Don’t worry though, all you need is a little water (either in a cup or mister) to put it out and you’re back on track to the most wonderful salmon ever. Enjoy!

p.s. If you’re looking to buy cedar planks for yourself, we found this pack of 8 on Amazon for around $20: Buy Your Own Planks for Cedar Plank Salmon.

Sweet Citrus Salmon Recipe

Sweet Citrus Cedar Plank Salmon Recipe
 
Prep time
Cook time
Total time
 
Since the salmon cooks slowly, cedar plank salmon is ridiculously tender, incredibly moist and so flavorful. We love this sweet citrus rub. It works beautifully with the woodsy cedar smoke the salmon soaks up from the plank below.

Hands-on time for this recipe is pretty low, the extra 2 hours called for in the prep time is for soaking the cedar plank in water.
Yield: 4, 4-ounce salmon portions
You Will Need
  • 1 cedar plank (6-inches by 4-inches)
  • 1 pound skin-on salmon, cut into four, 4-ounce, fillets
  • 1 tablespoon brown sugar
  • 1 teaspoon finely grated lemon zest
  • 1/2 teaspoon kosher salt
  • 1/2 teaspoon smoked paprika
  • 3 to 4 thyme sprigs, optional
  • 1 lemon, halved
Directions
  1. Soak Cedar Plank: Soak cedar plank, completely submerged in water, for at least 2 hours.
  2. Make Spice Rub: Stir brown sugar, lemon zest, salt, smoked paprika in a small bowl.
  3. Prepare Salmon: Rinse salmon with cool water. Pat very dry. Scatter spice rub over the salmon and gently massage into the fish. Swipe the skin-side of the salmon through any spice rub that’s fallen to the cutting board. Set aside 15 minutes to marinate.
  4. Prepare Grill: Prepare a grill, with heat medium and rack about 4 inches from the fire.
  5. Cook Salmon: When ready to cook the salmon, place the cedar plank on the grill over direct heat, cover and leave it there until you can smell smoke, about 5 minutes. Turn the plank over, scatter thyme sprigs over plank then place salmon on top of the thyme. Cover the grill and cook until salmon is cooked through, 15 to 20 minutes depending on the thickness of the fish.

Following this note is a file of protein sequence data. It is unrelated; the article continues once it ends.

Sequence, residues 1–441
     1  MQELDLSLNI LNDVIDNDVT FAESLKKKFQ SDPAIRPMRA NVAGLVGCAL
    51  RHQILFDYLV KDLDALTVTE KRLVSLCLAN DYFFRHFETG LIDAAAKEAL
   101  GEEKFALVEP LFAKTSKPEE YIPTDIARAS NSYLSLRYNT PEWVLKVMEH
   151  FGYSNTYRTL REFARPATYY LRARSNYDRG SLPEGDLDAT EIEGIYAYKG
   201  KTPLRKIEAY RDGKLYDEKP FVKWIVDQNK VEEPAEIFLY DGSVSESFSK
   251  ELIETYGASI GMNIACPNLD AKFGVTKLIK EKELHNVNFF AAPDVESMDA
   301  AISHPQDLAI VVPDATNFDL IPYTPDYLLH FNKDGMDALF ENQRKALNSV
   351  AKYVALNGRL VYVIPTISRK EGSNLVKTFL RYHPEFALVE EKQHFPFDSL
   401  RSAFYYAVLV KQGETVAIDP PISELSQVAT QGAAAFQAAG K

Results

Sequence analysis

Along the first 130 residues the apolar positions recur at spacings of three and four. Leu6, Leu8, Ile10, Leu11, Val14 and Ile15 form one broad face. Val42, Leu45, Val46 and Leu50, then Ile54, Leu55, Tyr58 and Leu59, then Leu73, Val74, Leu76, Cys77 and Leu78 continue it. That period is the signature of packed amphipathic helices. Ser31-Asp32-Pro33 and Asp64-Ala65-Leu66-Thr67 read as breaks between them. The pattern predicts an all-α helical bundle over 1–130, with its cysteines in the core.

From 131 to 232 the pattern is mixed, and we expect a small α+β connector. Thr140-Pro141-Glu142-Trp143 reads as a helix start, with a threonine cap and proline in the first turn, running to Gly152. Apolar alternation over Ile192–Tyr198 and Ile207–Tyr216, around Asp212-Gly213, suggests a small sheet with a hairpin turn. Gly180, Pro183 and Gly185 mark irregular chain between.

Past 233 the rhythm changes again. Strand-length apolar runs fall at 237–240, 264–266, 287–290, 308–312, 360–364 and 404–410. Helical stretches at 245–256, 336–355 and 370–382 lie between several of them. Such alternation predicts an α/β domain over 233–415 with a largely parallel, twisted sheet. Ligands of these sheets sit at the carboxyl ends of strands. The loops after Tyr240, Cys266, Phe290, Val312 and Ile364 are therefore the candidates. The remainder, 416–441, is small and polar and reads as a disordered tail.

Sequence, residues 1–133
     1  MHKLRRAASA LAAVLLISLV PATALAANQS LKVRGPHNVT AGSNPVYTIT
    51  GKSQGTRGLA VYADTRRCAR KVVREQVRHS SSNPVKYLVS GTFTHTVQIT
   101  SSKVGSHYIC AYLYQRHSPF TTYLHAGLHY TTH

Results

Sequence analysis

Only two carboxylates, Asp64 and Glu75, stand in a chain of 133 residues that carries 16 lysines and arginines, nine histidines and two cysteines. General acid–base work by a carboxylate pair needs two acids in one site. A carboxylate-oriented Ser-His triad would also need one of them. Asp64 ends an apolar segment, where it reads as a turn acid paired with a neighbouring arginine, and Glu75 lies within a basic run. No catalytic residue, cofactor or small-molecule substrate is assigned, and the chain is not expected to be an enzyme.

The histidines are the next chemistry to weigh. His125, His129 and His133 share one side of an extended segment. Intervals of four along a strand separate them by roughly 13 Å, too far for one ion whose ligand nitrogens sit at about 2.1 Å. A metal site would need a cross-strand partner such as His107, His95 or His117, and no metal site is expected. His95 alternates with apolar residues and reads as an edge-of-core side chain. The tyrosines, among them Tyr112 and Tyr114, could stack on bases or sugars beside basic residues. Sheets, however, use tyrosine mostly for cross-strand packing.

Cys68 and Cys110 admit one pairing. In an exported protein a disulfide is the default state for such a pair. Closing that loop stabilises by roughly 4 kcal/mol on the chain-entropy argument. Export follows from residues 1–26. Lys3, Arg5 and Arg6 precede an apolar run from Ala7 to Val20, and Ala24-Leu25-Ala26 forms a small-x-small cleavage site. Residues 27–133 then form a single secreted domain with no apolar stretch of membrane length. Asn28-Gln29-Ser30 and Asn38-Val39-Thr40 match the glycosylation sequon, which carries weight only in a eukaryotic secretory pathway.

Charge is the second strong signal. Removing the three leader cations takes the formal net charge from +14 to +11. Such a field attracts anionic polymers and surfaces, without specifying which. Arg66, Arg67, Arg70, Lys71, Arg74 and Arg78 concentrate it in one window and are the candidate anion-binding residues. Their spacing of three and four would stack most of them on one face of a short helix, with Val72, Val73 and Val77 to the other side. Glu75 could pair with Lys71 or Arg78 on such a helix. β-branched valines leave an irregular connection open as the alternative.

6. The salmon is done when an instant-read thermometer registers 135º F.
  7. A+J Cedar Plank Tip: Check the plank occasionally, if the edges start to catch fire, mist with a little water (or, pour a little out of a glass over the singed area of the plank) and move the plank to a cooler part of the grill with more indirect heat.
  8. Roast Lemon: Once the salmon is on the grill, place lemon halves, cut-side-down, onto grill grates and cook until softened and lightly browned around the edges. Serve alongside salmon.
Notes and Tips
The Salmon: More often than not, when we buy salmon, there are still pin bones left in the fish. You can use tweezers to remove them while the fish is still raw, but we actually find it's much easier to remove them just after cooking since they slide out very easily.

The salmon should take anywhere between 15 and 20 minutes, depending on what type of salmon you choose and the thickness. Keep an instant read thermometer close by to check doneness -- you are looking for 135º F.

Salt: We use coarse kosher salt in our kitchen. If you don't have it on hand keep the following in mind: 1 teaspoon fine sea salt = about 1 1/2 teaspoons kosher salt.